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For instance, given a square, I'd say that ##a## is an operation that rotates the square by 90°, and the representation of ##a## would be the matrix that actually rotates its vertices as long as coordinates are given.

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For instance, given a square, I'd say that ##a## is an operation that rotates the square by 90°, and the representation of ##a## would be the matrix that actually rotates its vertices as long as coordinates are given.

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fresh_42

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Given your example, well, yes. Given your question, not really. A group itself is nothing but a set, a binary operation on this set, which additionally obeys some rules. But even given the elements were all rotations, you still have to describe the binary operation, usually as successive application of these operations, but this isn't automatically the case. And if it is the case, we still will have to state what to rotate where and how. Then, and only then, we can check the rules. To write them as matrices is one way to do all this: within a given coordinate system.

For instance, given a square, I'd say that ##a## is an operation that rotates the square by 90°, and the representation of ##a## would be the matrix that actually rotates its vertices as long as coordinates are given.

Formally a representation of a group ##G## is a group homomorphism ##G \stackrel{\varphi}{\longrightarrow} \operatorname{Aut}(X)## into the group of automorphisms on a set ##X##, often regular linear transformations ##GL(V)## of a vector space ##X=V##, the representation space. An equivalent wording is to say that ##G## operates on ##X##, by ##g.x := \varphi(g)(x)##. It is the exact same thing. Now whether we write the elements of ##\operatorname{Aut}(X)## as matrices or otherwise, is a separate question. And of course the group itself doesn't need to be defined by using some specific representation. Sometimes it is natural to do so as in your example with the rotations, but for many others this is not the case, e.g. the integers or polynomials. Your example works, because the group homomorphism ##\varphi## is an embedding ##G \subseteq \operatorname{Aut}(\square)## or ##G \subseteq GL(\mathbb{R}^2)## if you consider the square as part of the plane and you rotate the entire plane, which is a vector space.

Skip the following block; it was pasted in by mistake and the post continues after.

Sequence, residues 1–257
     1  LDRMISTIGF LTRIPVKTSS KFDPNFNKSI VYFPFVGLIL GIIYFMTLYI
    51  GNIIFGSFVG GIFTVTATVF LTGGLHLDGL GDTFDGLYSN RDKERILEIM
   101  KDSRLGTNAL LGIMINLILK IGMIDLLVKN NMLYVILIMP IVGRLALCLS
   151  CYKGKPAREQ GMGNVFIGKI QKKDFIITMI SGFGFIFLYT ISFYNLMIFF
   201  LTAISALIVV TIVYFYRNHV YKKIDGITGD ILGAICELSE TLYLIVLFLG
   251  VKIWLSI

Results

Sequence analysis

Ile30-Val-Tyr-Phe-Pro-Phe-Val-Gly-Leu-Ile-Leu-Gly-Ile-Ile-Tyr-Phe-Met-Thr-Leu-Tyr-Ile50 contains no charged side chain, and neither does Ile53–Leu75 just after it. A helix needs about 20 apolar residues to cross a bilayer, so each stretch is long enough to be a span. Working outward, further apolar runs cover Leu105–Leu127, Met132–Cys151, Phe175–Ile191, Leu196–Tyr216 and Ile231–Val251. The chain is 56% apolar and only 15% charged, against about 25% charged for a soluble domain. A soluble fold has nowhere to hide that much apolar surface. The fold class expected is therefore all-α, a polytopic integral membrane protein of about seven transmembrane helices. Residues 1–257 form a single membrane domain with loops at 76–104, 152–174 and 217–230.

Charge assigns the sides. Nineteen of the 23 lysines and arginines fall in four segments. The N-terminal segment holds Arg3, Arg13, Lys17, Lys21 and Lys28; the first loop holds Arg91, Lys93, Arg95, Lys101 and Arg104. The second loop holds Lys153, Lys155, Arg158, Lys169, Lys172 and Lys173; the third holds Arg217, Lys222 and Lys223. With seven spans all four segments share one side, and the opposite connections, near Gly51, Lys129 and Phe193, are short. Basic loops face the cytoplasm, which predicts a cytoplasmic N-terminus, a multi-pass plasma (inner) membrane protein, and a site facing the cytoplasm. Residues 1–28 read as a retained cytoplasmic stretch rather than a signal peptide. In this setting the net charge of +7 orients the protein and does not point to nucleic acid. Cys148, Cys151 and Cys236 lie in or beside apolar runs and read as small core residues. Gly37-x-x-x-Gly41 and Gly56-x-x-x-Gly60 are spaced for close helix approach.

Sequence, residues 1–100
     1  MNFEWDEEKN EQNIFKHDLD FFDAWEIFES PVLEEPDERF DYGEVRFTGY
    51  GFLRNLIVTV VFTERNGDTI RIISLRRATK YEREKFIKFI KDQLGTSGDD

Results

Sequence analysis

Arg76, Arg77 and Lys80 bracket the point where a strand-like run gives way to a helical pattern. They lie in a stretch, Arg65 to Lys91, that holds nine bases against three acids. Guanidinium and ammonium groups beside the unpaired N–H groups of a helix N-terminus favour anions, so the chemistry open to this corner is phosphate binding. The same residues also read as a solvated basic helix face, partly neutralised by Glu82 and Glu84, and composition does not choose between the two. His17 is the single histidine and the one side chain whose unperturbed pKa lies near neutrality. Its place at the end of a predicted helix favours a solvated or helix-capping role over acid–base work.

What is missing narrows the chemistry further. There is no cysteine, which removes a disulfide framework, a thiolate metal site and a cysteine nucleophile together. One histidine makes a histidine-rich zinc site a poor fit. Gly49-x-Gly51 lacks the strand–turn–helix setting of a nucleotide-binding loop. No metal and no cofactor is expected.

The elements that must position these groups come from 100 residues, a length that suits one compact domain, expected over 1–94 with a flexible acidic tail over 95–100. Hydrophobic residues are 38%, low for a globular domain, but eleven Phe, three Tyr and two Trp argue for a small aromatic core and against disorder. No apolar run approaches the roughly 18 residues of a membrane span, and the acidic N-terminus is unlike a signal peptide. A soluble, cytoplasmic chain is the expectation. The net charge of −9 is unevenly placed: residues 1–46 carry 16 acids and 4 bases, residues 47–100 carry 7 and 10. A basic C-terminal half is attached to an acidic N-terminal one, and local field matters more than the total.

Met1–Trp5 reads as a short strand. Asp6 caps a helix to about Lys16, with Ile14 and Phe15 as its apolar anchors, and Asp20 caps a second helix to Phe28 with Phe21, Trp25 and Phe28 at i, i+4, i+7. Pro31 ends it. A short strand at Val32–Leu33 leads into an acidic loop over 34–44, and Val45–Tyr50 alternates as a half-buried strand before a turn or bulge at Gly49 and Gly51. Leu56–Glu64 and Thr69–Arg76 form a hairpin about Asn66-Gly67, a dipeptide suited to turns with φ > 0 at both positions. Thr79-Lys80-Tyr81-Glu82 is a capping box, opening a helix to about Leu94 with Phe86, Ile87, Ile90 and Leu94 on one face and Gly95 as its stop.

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Mark44

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I'm not sure this is the best way to think about a group. As already mentioned, a group is a set of things, together with an operation. A given group might represent several situations, so I don't understand your connection of representations with mathematical translations.Given a group, can we regard its elements as statements of what the operation does, while its representations are the mathematical translation?

You example could be represented as ##G = \{e, \sigma, \sigma^2, \sigma^3; \cdot\}##. Here e is the identity rotation, ##\sigma## is a rotation by 90°, ## \sigma^2## is rotation by 180°, and so on. The group operation is multiplication, indicated by ##\cdot##.For instance, given a square, I'd say that ##a## is an operation that rotates the square by 90°, and the representation of ##a## would be the matrix that actually rotates its vertices as long as coordinates are given.